Friday, December 19, 2008

NPR's "On the Media" Looks at Pardons

National Public Radio's "On the Media" will feature a segment on presidential pardons this week. The interview is conducted by Brooke Gladstone. Topics covered include: formal and informal processes for pardon applications, notorious pardons, explanations for pardons, the public imagination and acts of mercy, the Supreme Court and the pardon power, secrecy and the clemency process, unforgettable - but long forgotten - pardons, and the necessity of the pardon power. See the "On the Media" page and hear the complete segment here.

NOTE: Due to some editing in the interview, a complication of some concern arises. At the 4:55 mark, as a result of editing, I seem to suggest that the president should not have the pardon power. Of course, later in the interview, I very clearly argue the pardon power is an absolute necessity. Here is what happened around the 4:55 segment: What I was suggesting was that the president should not have a pardon power greater than that of the King of England. In the original interview, this portion of the segment went like this (italics represent the words omitted in the final cut):

"... is that the power should be interpreted in terms of the Constitution, and the Republic where we have separation of powers and checks and balances. Let me give you a quick example. Our president should not be able to pardon someone on the condition that they never again practice Catholicism. That would be a clear violation of the First Amendment. Now the King of England may have been able to grant such a pardon, but the President of the United States is constrained by Bill of Rights. And so our president should not have that power."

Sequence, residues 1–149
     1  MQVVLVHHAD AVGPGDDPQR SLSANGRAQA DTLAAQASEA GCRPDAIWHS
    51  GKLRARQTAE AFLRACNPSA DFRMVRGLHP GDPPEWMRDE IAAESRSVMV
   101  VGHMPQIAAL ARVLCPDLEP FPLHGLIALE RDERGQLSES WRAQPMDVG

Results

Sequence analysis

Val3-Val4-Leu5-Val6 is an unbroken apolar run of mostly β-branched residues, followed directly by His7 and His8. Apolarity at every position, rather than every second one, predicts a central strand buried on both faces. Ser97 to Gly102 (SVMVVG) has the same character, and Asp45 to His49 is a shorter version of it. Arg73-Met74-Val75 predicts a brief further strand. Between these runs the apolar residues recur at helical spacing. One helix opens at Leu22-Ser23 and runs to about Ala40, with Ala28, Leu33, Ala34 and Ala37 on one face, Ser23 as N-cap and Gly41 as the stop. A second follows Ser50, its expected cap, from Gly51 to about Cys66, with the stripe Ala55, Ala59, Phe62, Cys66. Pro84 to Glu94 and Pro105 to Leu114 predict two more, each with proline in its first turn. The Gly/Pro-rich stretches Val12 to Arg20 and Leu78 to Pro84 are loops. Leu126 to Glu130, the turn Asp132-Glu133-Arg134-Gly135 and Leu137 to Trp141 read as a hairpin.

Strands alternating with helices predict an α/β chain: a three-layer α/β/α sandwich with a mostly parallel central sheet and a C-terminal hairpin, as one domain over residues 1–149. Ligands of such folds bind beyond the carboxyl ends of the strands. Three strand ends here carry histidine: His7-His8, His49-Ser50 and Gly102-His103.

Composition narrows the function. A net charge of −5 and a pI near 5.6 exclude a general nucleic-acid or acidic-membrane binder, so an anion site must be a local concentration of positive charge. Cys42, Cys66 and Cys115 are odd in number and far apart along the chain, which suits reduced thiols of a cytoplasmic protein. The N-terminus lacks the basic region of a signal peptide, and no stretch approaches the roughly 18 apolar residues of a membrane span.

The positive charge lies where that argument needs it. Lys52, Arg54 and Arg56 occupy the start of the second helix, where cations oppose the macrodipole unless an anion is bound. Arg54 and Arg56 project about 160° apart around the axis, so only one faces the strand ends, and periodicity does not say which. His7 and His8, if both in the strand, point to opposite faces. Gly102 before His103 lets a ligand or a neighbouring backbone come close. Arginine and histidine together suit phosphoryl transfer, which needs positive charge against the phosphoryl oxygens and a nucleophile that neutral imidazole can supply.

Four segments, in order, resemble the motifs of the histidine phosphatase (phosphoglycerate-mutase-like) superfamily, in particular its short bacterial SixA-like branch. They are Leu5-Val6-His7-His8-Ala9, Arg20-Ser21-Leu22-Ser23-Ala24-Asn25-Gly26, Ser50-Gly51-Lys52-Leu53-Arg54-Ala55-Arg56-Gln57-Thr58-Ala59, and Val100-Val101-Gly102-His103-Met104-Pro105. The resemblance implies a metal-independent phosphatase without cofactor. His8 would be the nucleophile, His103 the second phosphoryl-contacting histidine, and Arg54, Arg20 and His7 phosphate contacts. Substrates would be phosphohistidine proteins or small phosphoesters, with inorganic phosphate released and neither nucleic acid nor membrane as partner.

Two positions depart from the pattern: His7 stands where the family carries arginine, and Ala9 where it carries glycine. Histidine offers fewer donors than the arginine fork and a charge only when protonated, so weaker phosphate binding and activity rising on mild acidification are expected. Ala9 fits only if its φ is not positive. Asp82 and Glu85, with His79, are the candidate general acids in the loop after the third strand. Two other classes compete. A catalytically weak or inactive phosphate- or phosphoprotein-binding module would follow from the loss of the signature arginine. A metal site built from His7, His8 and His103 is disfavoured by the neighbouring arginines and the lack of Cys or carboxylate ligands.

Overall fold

UPDATE: I am reminded that the Portuguese sailor who was found sucking blood out of lifeless bodies was the recipient of federal executive clemency in January of 1867, and was thus assisted by President Johnson, not President Grant. See my blog post on the case from June of last year here. The "male correspondent" in the set-up also credits Andrew Jackson with pardoning Confederate soldiers. I guess it just wasn't Andrew Johnson's day!

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